Covid induced volatility and trading levels fuelled record breaking revenues for the world’s largest investment banks last year but the surge is unlikely to be replicated in 2021 unless markets experience spikes of volatility similar to 2020’s, according to S&P Ratings research.
The analysts noted that fixed income, currencies and commodities, or FICC, trading revenue, which was the main driver of overall revenue growth at these behemoths has already started to normalise from the all time growth levels booked in the first half of 2020.
All 13 banks tracked by S&P Global Market Intelligence, registered double-digit declines in third quarter FICC revenue from the second quarter, with 10 booking decreases of more than 30%.
The data shows that Goldman Sachs Group reported the biggest quarter-over-quarter FICC drop, at 40.92%. Overall, there were quarter-over-quarter falls in total revenue at 10 of the 13 banks, with UBS, Société Générale and Natixis being the exceptions.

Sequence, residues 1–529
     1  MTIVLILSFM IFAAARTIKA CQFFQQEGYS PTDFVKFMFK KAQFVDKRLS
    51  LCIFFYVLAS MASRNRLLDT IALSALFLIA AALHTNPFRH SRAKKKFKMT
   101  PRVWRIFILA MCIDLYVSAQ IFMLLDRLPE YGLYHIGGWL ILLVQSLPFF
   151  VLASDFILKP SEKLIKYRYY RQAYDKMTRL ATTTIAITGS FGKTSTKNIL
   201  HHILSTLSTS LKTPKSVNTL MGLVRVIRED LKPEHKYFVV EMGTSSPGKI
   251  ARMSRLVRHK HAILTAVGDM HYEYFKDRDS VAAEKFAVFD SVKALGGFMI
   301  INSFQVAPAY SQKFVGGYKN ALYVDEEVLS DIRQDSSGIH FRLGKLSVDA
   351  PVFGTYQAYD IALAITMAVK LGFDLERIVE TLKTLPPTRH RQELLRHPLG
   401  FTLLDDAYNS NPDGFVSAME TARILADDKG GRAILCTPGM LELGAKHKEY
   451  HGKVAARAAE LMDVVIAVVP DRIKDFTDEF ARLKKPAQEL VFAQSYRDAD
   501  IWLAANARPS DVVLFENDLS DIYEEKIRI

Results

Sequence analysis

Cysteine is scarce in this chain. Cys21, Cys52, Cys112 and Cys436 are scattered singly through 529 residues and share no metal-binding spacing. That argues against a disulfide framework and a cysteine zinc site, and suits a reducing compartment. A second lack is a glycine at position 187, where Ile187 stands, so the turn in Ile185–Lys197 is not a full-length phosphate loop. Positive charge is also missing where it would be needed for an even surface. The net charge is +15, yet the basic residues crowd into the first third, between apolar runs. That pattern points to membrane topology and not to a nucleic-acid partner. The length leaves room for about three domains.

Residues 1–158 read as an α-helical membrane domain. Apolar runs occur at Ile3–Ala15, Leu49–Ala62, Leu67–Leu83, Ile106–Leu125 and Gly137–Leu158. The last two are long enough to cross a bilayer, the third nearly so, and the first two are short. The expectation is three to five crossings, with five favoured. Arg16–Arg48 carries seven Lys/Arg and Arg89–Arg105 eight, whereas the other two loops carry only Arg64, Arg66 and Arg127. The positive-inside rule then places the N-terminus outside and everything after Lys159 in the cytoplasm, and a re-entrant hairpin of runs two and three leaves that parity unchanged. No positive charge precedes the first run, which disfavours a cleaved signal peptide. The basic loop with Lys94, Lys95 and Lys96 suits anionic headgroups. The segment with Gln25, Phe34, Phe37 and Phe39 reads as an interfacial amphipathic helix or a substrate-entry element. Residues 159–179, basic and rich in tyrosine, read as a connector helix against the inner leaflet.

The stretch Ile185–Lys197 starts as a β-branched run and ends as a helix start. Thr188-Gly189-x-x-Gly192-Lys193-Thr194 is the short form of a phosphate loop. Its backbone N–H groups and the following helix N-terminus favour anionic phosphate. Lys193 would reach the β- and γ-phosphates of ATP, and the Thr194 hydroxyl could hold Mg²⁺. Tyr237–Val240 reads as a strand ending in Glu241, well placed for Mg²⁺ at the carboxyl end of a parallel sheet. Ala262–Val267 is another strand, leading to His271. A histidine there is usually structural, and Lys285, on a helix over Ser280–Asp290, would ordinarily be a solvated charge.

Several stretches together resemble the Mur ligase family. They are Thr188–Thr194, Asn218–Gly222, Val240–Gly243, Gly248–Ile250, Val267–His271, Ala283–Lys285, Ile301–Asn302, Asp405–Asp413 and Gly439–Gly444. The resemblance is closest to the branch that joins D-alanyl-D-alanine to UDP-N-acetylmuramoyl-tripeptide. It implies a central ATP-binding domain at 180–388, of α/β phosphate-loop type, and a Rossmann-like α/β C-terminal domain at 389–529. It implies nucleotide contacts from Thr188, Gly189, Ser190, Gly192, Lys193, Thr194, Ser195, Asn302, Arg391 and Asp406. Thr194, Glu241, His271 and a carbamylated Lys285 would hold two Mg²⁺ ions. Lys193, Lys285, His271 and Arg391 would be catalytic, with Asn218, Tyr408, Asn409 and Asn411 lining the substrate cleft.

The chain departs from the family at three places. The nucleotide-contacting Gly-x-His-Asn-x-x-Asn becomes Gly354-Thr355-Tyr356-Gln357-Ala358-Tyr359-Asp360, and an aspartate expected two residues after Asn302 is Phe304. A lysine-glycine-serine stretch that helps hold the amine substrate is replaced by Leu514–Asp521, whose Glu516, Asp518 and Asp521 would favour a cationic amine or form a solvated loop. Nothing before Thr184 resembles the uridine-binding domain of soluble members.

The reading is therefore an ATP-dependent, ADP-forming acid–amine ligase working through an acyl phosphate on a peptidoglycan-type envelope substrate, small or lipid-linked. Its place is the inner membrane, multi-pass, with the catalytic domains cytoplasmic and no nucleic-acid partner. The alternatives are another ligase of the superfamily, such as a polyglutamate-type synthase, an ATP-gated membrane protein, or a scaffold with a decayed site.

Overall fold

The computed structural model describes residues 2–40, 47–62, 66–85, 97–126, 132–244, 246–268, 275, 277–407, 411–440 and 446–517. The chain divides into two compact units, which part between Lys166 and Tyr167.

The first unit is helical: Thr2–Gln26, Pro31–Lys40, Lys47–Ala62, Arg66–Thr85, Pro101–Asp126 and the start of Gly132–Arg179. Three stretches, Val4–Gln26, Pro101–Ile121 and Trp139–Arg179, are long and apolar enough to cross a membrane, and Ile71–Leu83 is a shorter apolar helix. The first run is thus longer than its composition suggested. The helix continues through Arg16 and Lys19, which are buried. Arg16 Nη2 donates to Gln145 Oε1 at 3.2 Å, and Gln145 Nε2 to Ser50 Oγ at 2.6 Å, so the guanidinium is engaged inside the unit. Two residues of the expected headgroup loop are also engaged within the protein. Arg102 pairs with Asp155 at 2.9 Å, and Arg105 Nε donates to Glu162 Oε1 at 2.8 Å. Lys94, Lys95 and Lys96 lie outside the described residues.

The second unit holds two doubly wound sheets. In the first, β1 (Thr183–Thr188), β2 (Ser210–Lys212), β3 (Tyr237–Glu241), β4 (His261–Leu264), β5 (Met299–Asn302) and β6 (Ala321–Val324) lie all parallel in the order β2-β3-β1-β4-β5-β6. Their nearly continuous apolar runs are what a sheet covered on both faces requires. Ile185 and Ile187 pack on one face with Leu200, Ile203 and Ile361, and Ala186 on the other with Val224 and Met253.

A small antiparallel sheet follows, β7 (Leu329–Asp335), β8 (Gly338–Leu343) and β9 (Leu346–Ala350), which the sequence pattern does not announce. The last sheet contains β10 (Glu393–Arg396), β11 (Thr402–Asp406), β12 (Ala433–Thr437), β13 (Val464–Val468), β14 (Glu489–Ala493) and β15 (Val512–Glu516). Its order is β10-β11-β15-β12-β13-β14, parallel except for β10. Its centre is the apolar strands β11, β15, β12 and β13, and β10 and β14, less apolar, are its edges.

The fourth quarter was mixed, with October activity roughly replicating third-quarter levels, before picking up in November thanks to the US election and positive Covid vaccine news. However, levels fell again in early December.
The S&P analysts cite Michael Turner, head of CIB analytics at Coalition who attributed this to many “buyside clients locking in their returns for the year” and looking to ride out the market by 2020-end.
Given ongoing uncertainty due to geopolitics and the pandemic’s trajectory, Turner said 2021 will not be smooth sailing although Coalition’s base case scenario is for a “modest continual improvement” in the economy with interest rates remaining low and a smooth vaccine rollout.
For investment bank revenue, trading dynamics across products are expected to change from 2020 as economies recover and market volatility eases. However, while 2021 revenue will fall year over year, he expects that overall, it will be above 2019 levels.
Macro-heavy banks, some of which booked FICC revenue growth of 50% to 70% in the first nine months last year, boosted by bouts of volatility in flow rates and foreign exchange, will probably experience a sharper revenue decline year over year, falling faster in second half of 2021, said Turner. Revenue at credit-heavy banks is likely to be more resilient as credit revenue improves in the second half of this year.